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History professor publishes Voodoo encyclopedia

Published October 26, 2015

Dr. Jeffrey Anderson, associate professor of history in ULM’s School of Humanities, has published a book entitled, “The Voodoo Encyclopedia: Magic, Ritual, and Religion.”

The Voodoo Encyclopedia takes a well-rounded approach, utilizing various aspects of magic, ritual, and religion in both Haitian Vodou and closely related Louisiana Voodoo practices.

“Dr. Anderson's voodoo research has resulted in a work that will no doubt find readers among both popular and academic audiences,” said Dr. Frances Gregory, associate director in the School of Humanities. 


In addition to its 150 article entries, the encyclopedia includes photographs, primary sources, and informative sidebars covering facts such as the difference between Vodou and Voodoo. Vodou and Voodoo share similar deities and ceremonies but remain recognizably distinct. “The practices came to Haiti and Louisiana during roughly the same time, from the early 1700s to about 1810,” Dr. Anderson says. “They have similarities, but they are not the same.”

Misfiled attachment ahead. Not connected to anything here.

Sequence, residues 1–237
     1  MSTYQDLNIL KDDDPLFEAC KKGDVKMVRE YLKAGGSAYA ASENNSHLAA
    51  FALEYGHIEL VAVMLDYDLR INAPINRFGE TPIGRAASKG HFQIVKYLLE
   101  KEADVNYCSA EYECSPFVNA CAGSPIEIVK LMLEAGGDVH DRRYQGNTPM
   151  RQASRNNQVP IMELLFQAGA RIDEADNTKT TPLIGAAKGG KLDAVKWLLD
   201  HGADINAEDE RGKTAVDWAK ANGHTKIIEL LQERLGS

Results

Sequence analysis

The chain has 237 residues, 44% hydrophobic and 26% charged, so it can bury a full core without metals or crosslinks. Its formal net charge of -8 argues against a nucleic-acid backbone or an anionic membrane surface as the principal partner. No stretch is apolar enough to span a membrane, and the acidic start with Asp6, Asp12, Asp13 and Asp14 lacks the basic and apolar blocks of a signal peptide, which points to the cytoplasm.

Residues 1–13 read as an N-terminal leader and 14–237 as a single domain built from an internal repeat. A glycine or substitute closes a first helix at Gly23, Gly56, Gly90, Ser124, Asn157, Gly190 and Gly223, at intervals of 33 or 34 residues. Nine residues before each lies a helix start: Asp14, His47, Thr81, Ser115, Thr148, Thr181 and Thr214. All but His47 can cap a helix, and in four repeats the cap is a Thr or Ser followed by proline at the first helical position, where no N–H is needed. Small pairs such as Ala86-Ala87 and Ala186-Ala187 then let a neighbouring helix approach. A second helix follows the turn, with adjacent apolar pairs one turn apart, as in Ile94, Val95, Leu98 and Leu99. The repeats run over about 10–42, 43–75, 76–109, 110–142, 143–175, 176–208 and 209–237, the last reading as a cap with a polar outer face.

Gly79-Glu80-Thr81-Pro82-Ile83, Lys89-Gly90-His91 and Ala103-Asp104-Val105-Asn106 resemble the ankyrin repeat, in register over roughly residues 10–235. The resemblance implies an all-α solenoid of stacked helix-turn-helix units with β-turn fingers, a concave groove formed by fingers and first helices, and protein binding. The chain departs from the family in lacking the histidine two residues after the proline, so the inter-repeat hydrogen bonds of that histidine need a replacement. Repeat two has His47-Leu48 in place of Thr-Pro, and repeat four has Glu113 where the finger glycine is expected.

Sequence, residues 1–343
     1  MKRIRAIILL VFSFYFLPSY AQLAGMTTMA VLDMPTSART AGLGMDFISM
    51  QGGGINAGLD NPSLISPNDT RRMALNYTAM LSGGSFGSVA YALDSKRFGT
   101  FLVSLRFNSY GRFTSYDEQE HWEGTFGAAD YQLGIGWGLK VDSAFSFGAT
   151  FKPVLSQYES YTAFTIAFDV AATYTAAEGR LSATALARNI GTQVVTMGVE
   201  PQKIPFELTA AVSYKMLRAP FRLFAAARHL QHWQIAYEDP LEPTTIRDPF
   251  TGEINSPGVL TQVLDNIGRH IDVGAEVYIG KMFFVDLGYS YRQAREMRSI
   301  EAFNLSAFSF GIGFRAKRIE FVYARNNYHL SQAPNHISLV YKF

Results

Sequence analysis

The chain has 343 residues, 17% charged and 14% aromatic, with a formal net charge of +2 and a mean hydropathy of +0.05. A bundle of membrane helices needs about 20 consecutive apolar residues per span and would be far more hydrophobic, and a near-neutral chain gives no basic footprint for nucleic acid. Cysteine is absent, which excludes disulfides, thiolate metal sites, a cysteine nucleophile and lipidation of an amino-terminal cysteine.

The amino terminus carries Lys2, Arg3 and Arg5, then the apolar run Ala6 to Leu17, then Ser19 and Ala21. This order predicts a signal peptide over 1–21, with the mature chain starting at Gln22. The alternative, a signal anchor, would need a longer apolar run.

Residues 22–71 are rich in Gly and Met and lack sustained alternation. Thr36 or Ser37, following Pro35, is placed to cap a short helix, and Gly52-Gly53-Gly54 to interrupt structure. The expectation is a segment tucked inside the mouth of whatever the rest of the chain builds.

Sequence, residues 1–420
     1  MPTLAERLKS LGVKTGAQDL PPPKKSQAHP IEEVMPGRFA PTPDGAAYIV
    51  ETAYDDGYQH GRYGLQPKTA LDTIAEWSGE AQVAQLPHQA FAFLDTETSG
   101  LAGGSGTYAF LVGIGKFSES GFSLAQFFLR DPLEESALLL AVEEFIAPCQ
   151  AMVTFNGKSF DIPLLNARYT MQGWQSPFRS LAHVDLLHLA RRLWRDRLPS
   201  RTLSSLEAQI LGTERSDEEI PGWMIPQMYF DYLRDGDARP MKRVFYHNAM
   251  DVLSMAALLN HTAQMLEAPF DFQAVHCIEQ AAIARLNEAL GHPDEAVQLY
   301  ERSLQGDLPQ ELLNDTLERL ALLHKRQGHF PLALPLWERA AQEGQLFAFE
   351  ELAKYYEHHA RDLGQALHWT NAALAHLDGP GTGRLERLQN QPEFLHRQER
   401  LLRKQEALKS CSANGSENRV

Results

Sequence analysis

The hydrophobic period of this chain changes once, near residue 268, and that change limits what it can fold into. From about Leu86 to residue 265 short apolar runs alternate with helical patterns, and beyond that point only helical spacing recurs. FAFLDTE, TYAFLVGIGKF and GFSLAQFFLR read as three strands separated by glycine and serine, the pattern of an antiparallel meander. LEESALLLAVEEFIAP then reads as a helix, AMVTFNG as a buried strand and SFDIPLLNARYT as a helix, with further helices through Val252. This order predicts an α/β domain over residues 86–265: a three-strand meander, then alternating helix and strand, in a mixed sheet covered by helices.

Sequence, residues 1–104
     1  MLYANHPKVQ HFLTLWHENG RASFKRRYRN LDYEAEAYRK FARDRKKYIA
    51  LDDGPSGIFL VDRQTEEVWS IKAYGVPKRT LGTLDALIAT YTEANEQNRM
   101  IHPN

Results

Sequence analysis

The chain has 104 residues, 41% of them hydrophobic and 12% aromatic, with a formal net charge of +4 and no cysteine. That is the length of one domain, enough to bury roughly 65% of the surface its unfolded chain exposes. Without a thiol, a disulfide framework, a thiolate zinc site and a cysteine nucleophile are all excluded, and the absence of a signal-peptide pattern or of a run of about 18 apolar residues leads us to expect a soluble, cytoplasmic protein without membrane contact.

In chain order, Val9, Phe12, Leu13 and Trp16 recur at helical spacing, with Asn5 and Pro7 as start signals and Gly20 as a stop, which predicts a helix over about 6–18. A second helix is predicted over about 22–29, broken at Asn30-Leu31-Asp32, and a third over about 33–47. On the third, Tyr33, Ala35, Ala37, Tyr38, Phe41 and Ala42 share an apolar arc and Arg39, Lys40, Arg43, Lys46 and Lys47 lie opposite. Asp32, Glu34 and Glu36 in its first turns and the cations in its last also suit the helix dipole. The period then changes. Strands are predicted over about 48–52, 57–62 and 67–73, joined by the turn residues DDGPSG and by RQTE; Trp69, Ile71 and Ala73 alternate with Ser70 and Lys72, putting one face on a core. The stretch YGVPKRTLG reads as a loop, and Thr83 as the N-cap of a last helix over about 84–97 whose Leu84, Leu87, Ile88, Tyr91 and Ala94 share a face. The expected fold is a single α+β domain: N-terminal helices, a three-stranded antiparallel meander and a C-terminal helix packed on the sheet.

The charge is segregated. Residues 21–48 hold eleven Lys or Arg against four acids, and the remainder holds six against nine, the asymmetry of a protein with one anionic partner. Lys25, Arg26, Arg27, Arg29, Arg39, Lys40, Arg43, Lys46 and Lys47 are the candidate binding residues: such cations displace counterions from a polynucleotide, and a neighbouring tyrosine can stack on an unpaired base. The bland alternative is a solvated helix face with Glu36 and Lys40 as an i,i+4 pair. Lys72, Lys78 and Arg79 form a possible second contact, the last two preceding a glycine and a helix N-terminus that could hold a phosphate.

Though Haitian Vodou and Louisiana Voodoo have their origin in West Africa, they incorporated early on various aspects of Catholicism as a result of their encounters with the New World. Such syncretism is clearly seen in the appropriation of Christian language and figures. Yet, the Hatian and Louisiana traditions often incorporate that language in different ways.

For example, Anderson explains that in Haitian Vodou, the snake god Danbala Wedo is thought to be the equivalent of Saint Patrick, who, according to a popular Catholic legend, banished all snakes from Ireland. Followers of Louisiana Voodoo also worship a snake god named Blanc Dani, but this god, unlike the snake god in Hatian Vodou, is considered to be the equivalent of Saint Michael the Archangel.

Dr. Ruth Smith, director of the School of Humanities, is very proud of this accomplishment. “Dr. Anderson is a very thorough scholar who combines historical research in the library with field experiences in other countries and the U.S. in order to present a broader perspective,” Dr. Smith said.

The encyclopedia includes entries by Anderson, other scholars who are specialists in the field, and practitioners of Vodou. The encyclopedia can be purchased online at amazon.com.

For more information, contact Dr. Anderson at jeanderson@ulm.edu.